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October 30, 2023

What to expect in Washington (October 30)

The dust is still settling from the three-week process of electing a new Speaker, Mike Johnson (R-LA), and much of the press coverage has focused on positions he has taken in the past and his ascension to the post, rather than how he will conduct the House's business in the future.

A Washington Post story said Rep. Johnson assured other members "that he would no longer represent just his conservative Louisiana district … Instead, Johnson continued, he would represent the entire Republican conference and protect vulnerable swing-district incumbents." Further, "Many Republican lawmakers remarked on how modest and easygoing Johnson is. However, one lawmaker surmised that they had never exchanged harsh words with him only because they had never engaged in substantive policy or political debate with the Louisiana lawmaker."

An October 28 Wall Street Journal (WSJ) story, "New Speaker Mike Johnson Gets 'Grace Period' as He Reboots House," said, "For many House Republicans, all is right with the world, three weeks after the ouster of Kevin McCarthy (R., Calif), with many brushing aside the existential fears that built during the party's crisis. The question is how long Johnson's honeymoon period will last and whether the party could end up in a similar bind down the road: Republicans still have a thin 221-212 majority, sharp intraparty divisions and a rule allowing any single member to call a vote to remove the speaker."

The House is out of session until Wednesday, November 1. Under the schedule set by Speaker Johnson to pursue regular-order consideration of spending bills, the week of October 30 is Legislative Branch, Interior & Environment, and Transportation-HUD; the week of November 6, Financial Services & General Government and Commerce, Justice, Science; then, the week of November 13, Labor-HHS and Agriculture. The Ways & Means Committee does not currently have any hearings scheduled.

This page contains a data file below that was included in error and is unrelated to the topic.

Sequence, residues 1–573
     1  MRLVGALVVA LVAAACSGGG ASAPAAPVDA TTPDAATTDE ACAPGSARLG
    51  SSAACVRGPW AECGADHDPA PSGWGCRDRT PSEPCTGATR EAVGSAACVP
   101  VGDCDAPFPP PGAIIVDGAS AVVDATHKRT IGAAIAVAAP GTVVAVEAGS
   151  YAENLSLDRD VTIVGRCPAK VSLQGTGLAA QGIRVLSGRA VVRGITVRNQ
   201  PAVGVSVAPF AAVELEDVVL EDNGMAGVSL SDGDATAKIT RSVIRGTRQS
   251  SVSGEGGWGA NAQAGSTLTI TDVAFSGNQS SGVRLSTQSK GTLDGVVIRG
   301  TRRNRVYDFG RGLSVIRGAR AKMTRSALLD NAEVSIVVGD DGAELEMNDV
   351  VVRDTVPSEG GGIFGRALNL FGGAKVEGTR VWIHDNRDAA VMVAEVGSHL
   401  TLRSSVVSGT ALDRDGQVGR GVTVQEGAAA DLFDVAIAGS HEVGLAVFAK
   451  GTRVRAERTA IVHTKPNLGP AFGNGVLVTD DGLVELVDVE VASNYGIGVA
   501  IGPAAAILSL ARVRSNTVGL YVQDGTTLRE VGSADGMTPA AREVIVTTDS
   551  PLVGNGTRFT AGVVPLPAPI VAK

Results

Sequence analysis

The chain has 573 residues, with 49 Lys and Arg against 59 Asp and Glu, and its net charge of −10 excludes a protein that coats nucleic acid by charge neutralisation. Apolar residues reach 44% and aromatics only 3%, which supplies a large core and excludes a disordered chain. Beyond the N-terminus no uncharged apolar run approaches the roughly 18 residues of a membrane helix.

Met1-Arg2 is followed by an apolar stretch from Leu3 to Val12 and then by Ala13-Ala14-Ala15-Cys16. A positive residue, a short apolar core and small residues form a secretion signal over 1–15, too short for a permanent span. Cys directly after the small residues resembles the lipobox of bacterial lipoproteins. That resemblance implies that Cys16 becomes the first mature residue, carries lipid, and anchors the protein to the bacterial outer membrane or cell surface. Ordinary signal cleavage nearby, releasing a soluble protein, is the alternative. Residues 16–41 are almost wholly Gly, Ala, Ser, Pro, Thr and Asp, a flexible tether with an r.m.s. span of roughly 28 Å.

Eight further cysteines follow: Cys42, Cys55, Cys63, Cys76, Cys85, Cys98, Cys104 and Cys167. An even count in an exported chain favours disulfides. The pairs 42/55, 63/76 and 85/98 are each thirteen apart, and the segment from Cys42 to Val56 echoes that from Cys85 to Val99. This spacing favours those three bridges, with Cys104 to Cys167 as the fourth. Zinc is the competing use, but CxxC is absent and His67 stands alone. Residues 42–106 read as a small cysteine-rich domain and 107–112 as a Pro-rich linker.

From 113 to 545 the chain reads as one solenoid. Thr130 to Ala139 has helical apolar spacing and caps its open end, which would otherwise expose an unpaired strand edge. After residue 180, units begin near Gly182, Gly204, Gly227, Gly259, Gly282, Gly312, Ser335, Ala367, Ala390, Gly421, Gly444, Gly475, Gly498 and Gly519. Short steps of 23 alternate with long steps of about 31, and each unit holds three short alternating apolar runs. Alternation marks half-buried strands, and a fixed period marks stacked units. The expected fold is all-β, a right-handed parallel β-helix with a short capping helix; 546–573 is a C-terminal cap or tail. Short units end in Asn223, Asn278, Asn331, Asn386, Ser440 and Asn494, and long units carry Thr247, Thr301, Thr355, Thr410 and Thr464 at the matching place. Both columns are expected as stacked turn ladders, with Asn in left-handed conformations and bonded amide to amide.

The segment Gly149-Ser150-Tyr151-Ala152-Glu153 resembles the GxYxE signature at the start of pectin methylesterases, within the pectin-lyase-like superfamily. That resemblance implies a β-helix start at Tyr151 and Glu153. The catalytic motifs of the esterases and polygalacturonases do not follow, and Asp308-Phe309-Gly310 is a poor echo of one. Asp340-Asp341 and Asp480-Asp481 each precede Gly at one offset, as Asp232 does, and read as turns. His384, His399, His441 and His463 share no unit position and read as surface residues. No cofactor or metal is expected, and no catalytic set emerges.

The Senate will convene at 3 p.m. today (October 30) with a judicial nomination vote at 5:30 p.m. Majority Leader Chuck Schumer (D-NY) has taken a procedural step (filing cloture) toward a vote on the nomination of former Treasury Secretary Jack Lew to be Ambassador to Israel. Work is also expected to continue on the three-bill appropriations minibus comprising the Military Construction-VA, Agriculture, and Transportation-HUD bills.

On Thursday, November 2, the Senate Finance Committee will hold a hearing on the nomination of former Maryland Governor (and Baltimore Mayor and presidential candidate) Martin O'Malley to be Commissioner of the Social Security Administration.

AI — The White House is planning to release an executive order on artificial intelligence as soon as today (October 30) that is expected to address requirements for federal agencies to conduct National Institute of Standards and Technology assessments of AI models, visa changes for foreign technology workers, and an assessment of how government agencies can incorporate AI into their operations. Politico obtained a copy of the White House executive order on AI that is set to be released Monday and did a pretty broad breakdown, saying it would "streamline high-skilled immigration, create a raft of new government offices and task forces and pave the way for the use of more AI in nearly every facet of life touched by the federal government, from health care to education, trade to housing, and more."

The Washington Post reported Senator Schumer as saying October 26, "There's probably a limit to what you can do by executive order," noting that Congress has previously passed proposals to deal with AI that have gone unfunded. He added of the Administration, "They are concerned, and they're doing a lot regulatorily, but everyone admits the only real answer is legislative."

The Senate HELP Subcommittee on Employment and Workplace Safety will hold a hearing on "AI and the Future of Work: Moving Forward Together," on Tuesday, October 31 (at 10 a.m.)

Health — A story in today's WSJ said, "the Biden administration wants to impose new requirements on insurers that it says would reduce out-of-pocket costs for mental-health care and substance-use-disorder treatment. The insurance industry is firing back, arguing the proposal would drive up prices and set impossible-to-meet standards."


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For additional information concerning this Alert, please contact:
Washington Council Ernst & Young
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